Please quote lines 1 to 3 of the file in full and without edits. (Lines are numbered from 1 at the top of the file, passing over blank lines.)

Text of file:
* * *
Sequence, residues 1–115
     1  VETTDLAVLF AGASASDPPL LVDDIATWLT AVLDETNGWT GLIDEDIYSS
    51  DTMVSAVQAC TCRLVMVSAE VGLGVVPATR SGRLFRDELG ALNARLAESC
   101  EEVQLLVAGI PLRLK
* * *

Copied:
Sequence, residues 1–115
     1  VETTDLAVLF AGASASDPPL LVDDIATWLT AVLDETNGWT GLIDEDIYSS
    51  DTMVSAVQAC TCRLVMVSAE VGLGVVPATR SGRLFRDELG ALNARLAESC